Are you sick of those ‘Just Not Ready’ commercials from Stephen Harper’s Conservatives? Tired of seeing that baggy-eyed old man, that mandatory immigrant with the heavy accent, and the generic woman looking over Justin Trudeau’s ‘resume’? And are you sick of hearing “Nice hair, though”?
Well, get ready to get even sicker.
Harper performed the traditional anachronism of asking the Governor-General to shut down parliament Sunday morning in order to hold an election. Since the date is already set (Oct. 19) that means we’re have an election campaign that goes through August, September and into October, the longest in Canadian history. So, why would Harper force an 11-week election campaign, instead of the traditional 37 days? You see, under the new election laws, the spending for a 37-day campaign is capped at $25 million per party. But under the new law (written by the Tories), the parties can spend $675,000 a day after day 37. Only one party has enough money to spend on an 11-week campaign — can you guess which one? My guess is that minute after the election campaign begins, we’ll see a whole new raft of anti-Trudeau ads that will run with such repetition, you will either buy into the bullshit they spew, or turn violently against Harper for ruining your TV viewing. And, once the destruction of Justin Trudeau is complete, they’ll move on to character assassination of Tom Mulcair. Welcome to Canadian politics, Harper style.
Last week, Harper announced that he is not going to appoint any more senators. Sadly, he continues to appoint Supreme Court justices, with the expected outcomes.
On Monday, Harper appointed an Edmonton judge, Russell Brown, to the top court. To the parochial Edmonton Journal, this was rah-rah Edmonton stuff. The front page story was all praise, with only passing mention that Brown was on the advisory council of something called the Justice Centre for Constitutional Freedoms. But to the Globe and Mail, it was another example of Harper appointing a conservative judge. The Globe said his appointment was “fast tracked”, and that he is a “rising conservative star”. The Justice Centre for Constitutional Freedom was described by the Globe as a “conservative legal group” that has as one of its core views “economic liberty”, including property rights, which have not been accepted by the Supreme Court. The Globe put an emphasis on the conservative angle, while the Journal did not — in fact, the word conservative doesn’t appear at all in the Journal story. So, is Russell Brown just a hard-working brainiac, or another conservative plant? You have one guess.
This week’s international outrage concerns a lion. Not just any lion, mind you, but Cecil.
Cecil is (or was), Zimbabwe’s most famous lion, who overcame the stigma of being named Cecil to become a bit of a star. Cecil met his maker recently in the form of a Minnesota dentist and big-game slaughterer named Walter Palmer. The not-so good doctor outsmarted the wild animal by first luring it out of a national park at night using bait, then shot Cec with a bow and arrow (well, mostly the arrow). Poor Cecil wandered around with an arrow in his back until the next day, when Palmer courageously tracked him down and killed him, followed by beheading and skinning. The only thing worse than being Cecil right now is being Walter Palmer, who is under relentless online attack for his actions. Hey, I’m not a big fan of online shaming (read Jon Ronson’s excellent book So You’ve Been Publicly Shamed), but Palmer deserves every bit of online shaming he is enduring (minus the inevitable death threats). I’m not a big fan of hunting, but it’s part of North American life for many to go out and blast a few ducks from the sky in the fall. But killing a lion by luring him outside a national park? No, that’s just not humane. Why anyone would take great pride in outsmarting a wild animal, with all the technology and advantages a human has at his disposal, is utterly beyond me.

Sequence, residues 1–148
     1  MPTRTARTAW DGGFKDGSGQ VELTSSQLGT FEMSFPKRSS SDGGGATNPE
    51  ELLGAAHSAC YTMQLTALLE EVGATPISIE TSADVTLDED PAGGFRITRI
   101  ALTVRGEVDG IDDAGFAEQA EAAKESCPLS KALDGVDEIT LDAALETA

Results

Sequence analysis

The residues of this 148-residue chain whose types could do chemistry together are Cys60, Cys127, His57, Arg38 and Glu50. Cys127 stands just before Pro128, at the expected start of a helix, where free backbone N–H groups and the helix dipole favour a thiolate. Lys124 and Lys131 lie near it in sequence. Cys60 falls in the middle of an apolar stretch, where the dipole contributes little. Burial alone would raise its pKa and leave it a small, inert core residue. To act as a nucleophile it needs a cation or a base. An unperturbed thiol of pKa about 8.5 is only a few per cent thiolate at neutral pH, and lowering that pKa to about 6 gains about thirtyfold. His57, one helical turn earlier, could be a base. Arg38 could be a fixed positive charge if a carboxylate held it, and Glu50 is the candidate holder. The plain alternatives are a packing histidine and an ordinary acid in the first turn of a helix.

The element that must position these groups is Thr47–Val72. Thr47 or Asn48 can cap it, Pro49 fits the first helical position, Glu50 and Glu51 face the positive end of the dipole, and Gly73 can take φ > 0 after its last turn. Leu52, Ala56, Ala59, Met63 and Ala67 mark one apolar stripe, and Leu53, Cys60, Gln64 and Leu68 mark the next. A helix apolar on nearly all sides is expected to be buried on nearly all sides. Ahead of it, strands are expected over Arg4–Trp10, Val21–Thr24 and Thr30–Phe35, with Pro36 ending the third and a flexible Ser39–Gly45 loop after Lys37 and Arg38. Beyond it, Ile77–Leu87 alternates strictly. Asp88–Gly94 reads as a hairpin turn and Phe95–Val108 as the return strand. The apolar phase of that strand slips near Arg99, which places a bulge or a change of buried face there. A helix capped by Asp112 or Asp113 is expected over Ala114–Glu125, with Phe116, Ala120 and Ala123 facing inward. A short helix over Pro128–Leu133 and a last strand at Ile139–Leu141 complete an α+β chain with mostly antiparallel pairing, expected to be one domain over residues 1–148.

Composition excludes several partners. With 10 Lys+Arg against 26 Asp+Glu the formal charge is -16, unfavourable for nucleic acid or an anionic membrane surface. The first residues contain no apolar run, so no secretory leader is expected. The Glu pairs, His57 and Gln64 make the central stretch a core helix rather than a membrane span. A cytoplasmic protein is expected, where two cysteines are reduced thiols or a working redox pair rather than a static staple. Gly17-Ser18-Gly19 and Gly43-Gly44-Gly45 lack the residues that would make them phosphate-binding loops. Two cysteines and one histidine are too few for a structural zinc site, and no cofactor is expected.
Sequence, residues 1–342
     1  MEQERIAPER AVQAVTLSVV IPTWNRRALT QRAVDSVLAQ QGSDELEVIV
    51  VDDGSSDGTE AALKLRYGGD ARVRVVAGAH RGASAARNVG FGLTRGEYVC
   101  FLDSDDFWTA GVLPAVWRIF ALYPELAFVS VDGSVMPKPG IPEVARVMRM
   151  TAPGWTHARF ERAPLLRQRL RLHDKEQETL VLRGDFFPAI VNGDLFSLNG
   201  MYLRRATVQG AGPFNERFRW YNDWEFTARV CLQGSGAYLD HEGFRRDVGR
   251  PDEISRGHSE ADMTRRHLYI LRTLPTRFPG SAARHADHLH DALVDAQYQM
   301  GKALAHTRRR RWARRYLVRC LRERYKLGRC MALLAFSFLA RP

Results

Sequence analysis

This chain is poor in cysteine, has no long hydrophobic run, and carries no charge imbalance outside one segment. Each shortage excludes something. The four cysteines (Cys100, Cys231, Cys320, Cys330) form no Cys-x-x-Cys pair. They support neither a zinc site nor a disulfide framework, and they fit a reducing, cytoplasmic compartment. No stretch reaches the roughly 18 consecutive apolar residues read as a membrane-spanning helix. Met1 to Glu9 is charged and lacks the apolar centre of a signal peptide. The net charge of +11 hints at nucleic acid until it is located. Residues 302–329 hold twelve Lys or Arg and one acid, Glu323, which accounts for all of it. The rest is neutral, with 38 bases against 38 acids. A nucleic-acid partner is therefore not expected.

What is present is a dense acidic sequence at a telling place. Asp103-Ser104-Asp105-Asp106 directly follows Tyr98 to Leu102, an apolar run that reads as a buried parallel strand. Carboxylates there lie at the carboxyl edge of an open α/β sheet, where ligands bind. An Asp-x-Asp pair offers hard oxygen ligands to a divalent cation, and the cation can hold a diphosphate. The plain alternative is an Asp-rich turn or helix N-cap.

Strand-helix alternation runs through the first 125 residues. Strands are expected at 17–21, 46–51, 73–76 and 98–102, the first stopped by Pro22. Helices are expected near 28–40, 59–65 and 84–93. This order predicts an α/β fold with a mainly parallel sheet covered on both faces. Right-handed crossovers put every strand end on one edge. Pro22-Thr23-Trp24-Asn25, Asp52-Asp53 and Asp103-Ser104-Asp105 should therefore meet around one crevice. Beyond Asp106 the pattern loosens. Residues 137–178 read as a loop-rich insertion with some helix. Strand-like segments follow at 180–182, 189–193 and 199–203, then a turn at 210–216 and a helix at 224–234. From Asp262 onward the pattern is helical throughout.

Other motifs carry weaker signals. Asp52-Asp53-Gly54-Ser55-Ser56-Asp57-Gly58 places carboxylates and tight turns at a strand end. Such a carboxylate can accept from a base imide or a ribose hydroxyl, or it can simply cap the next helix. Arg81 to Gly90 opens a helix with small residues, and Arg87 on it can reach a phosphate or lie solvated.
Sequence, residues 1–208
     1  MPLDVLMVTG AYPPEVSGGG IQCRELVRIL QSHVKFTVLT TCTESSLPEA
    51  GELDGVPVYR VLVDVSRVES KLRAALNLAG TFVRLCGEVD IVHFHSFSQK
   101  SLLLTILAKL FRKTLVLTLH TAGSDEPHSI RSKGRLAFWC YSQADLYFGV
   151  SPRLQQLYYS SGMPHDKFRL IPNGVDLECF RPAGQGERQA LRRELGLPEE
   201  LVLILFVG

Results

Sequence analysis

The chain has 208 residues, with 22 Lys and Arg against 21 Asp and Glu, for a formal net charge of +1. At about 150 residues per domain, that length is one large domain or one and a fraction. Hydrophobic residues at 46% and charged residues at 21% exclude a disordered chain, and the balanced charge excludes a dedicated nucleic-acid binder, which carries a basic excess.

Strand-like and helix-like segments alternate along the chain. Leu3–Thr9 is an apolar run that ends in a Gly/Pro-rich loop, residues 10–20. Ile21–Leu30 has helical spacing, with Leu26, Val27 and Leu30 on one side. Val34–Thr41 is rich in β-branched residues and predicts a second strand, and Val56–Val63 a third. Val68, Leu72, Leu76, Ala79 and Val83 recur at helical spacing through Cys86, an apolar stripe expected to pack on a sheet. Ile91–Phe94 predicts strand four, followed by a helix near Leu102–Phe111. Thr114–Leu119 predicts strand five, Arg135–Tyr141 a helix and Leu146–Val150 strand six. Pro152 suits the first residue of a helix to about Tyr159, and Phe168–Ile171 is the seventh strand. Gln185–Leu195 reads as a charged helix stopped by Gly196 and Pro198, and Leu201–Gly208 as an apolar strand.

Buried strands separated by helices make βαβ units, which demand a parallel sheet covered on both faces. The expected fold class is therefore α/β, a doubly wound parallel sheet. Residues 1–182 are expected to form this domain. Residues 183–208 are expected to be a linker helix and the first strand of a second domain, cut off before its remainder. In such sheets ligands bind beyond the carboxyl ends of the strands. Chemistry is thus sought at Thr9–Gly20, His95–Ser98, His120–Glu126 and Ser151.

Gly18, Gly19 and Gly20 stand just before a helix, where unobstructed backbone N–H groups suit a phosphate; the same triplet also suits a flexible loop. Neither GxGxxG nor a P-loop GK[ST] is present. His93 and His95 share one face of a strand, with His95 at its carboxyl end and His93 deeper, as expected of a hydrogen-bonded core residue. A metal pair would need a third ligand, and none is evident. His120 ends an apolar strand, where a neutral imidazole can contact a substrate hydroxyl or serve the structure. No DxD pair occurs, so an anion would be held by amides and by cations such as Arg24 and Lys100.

Another iconic (sorry) writer released a new book this week, but with much different critical results. You may remember Harper Lee’s “new” book, Go Set A Watchman, was released to much fanfare and lousy reviews. But this week, the greatest children’s writer of all, the long-dead Dr. Seuss, came out with another book, What Pet Should I Get?, described by one reviewer as “genius on every page”. Almost makes me wish I had kids to read books to again …. almost.
RIP: Rowdy Roddy Piper, 61, longtime professional wrestler, apparently of cardiac arrest. In the days when I used to watch wrestling with my sons, Rowdy Roddy Piper was one of my favourites. He always seemed to be one of those guys who did his act with a bit of knowing humour, kind of a sly wink to the viewers, but always gave his all. Rowdy Roddy, who was Canadian, joins a long, depressing list of former pro wrestling stars who dropped dead far too young. He will be remembered not just for his wrestling, but for his eternal moment of fame from The Simpsons, when Groundskeeper Willie was referred to as Rowdy Roddy Peeper on the Rock Bottom scandal TV show. .. Flora MacDonald, 89, longtime Canadian Conservative MP and a pioneering female politician … Lynn Anderson, 67, country singer best known for her 1970 hit (I Never Promised You A) Rose Garden … Anne Rule, 83, American true crime writer, most famously for The Stranger Beside Me, the story of Ted Bundy.